Small Batch Preserving Tips
Marisa McClellan is the creator and canning expert behind the blog, Food in Jars. She specializes in small batch preserving of local and seasonal produce. In her cookbook, Preserving by the Pint, McClellan continues her focus on preserving in small batches and offers unique twists on classic canning recipes. The cookbook is divided up by the seasons: each recipe highlighting produce that is available in most places in that time of year. In addition to delicious recipes, McClellan gives serving suggestions on how to use your preserves and well as other recipes and entertaining tips.
McClellan's specialty is breaking down canning science into an easy to digest format, with a special focus on preserving in small batches. Canning is growing in popularity again, but not everyone wants to put up three dozen jars of blueberry jam. With McClellan's tips in hand, anyone with a small garden or CSA share who wants to capture the taste of seasonal, ripe produce can do so, with as little as a jar or two. Every recipe in Preserving by the Pint yields two or three jars (most recipes are in half pint batches or 4 ounce jars) and most are simple enough for anyone just getting started in canning.
HGTV sat down to talk with Marisa McClellan about her methods:
Why preserve in small batches?
It used to be that people preserved as a matter of survival. You needed to put up enough to get through the winter and so preserving in large batches was a necessity. These days, home preserving isn't about making it through the cold season. Instead, it's about eating well, preventing waste and the pleasure of homemade food.
What fruit or vegetable do you look forward to preserving each year?
I'm always most excited to preserve apricots, sour cherries and grape tomatoes. I do far more than these simple things, but they are my favorites.
What is your favorite recipe?
It's so hard to pick just one! I find that the small batch pizza sauce recipe is the most useful. As far as the one I most adore, the sour cherries with bourbon are so delicious. I'm also a big fan of the zucchini butter. It's not a recipe that gets canned, but it's a easy, flavorful way to concentrate vast amounts of zucchini and it freezes beautifully.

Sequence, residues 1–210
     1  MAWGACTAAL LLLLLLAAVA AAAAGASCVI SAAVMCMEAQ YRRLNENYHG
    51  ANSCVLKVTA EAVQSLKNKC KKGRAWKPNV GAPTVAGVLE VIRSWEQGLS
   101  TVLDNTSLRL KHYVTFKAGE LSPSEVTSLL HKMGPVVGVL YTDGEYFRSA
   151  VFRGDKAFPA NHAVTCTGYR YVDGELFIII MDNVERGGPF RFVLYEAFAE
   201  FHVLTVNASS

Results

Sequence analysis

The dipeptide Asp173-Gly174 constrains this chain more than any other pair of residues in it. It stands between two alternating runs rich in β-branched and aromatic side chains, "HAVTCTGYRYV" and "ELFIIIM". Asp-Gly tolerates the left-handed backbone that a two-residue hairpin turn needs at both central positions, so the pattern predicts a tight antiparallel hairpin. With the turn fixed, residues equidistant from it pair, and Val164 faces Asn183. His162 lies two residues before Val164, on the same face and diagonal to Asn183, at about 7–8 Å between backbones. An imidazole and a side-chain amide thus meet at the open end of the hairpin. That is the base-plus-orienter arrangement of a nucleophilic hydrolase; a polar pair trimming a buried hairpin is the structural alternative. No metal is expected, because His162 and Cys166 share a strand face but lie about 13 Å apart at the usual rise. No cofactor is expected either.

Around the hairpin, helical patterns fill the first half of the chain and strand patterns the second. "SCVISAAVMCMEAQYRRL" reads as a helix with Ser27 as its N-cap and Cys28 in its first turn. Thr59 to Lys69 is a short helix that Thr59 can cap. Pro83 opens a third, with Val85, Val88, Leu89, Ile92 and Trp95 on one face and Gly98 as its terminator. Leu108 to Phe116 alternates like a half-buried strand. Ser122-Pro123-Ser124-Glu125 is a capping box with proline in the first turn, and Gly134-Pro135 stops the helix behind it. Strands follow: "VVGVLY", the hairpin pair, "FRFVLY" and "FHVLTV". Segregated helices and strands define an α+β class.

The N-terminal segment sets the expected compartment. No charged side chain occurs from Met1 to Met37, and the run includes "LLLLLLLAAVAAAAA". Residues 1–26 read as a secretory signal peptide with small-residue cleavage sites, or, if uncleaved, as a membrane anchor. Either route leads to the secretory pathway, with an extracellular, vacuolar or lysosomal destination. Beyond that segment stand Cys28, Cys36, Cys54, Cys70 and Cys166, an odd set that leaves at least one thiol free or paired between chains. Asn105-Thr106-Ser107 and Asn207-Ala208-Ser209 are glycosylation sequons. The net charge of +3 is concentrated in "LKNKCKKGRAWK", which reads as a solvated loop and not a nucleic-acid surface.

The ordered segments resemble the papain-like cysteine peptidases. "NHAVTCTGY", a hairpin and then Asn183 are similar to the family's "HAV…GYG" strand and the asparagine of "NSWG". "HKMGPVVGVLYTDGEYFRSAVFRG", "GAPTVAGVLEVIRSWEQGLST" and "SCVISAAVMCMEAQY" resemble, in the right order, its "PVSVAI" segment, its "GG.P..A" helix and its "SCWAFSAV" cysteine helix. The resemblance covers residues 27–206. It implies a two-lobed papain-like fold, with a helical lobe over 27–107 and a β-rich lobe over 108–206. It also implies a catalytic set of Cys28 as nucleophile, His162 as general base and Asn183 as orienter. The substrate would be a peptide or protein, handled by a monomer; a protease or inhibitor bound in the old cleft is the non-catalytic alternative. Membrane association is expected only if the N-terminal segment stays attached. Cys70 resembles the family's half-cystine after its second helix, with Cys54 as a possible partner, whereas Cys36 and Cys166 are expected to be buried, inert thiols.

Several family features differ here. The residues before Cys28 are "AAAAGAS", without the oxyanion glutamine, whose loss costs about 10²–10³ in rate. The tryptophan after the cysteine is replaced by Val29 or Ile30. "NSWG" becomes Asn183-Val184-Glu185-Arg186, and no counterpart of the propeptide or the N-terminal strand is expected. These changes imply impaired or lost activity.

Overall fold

What are the basic supplies you'd recommend for someone just getting started?
You need a big stock pot to use as a canning pot and something to put in the bottom so that the jars aren't resting in direct contact with the heat of your burner (a round cake cooling rack is a good, inexpensive choice). You need a pan in which to cook your product and some prep tools like a cutting board, peeler and sharp knife. Truly, the only two pieces of dedicated canning gear that you might not have in your kitchen is a jar lifter and a wide mouth funnel. You can do without both of these for a time, but they sure do make the process easier. Oh, and jars!
Any words of wisdom for those nervous about canning?
As long as you're following a recipe from a reliable source, there's very little risk in home canning. Read the recipe several times, make sure you have all the tools and ingredients out and available before you start. And remember, even if the recipe doesn't turn out exactly as you'd hoped, it is still good. Use your imagination to devise alternate applications for runny jam (stir into yogurt!) or soft pickles (chop them and call it relish!).
Pickled Eggplant With Mint
Makes 3 (half-pint/250 ml) jars
- 2 cups/480 ml red wine vinegar
- 1 pound/460 grams medium-size purple eggplant, peeled and cut into 1/2 inch/12 mm cubes
- 1 tablespoon chopped garlic
- 1/4 cup/30 grams mint leaves
- 1 1/2 teaspoons pickling salt
Prepare a small boiling water bath and 3 half-pint/250 ml jars. Place three lids in a small saucepan of water and bring to a gentle simmer.
Pour the vinegar into a medium saucepan and bring to a boil. Once it boils, add the eggplant and simmer for 2 to 3 minutes.
When the time is up, remove the eggplant cubes from the vinegar with a slotted spoon and place them in a bowl. Add the garlic, mint and salt to combine.
Pack the eggplant, garlic and mint into the prepared jars and top with the boiling vinegar, leaving a 1/2 inch/12 mm headspace. Tap the jars gently to remove any air bubbles. Add more liquid to return the headspace to 1/2 inch/12 mm, if necessary. Wipe the rims, apply the lids and rings and process the jars in a boiling water bath for 10 minutes.
Recipe reprinted with permission from Preserving by the Pint © 2014 by Marisa McClellan, Running Press, a member of the Perseus Book Group.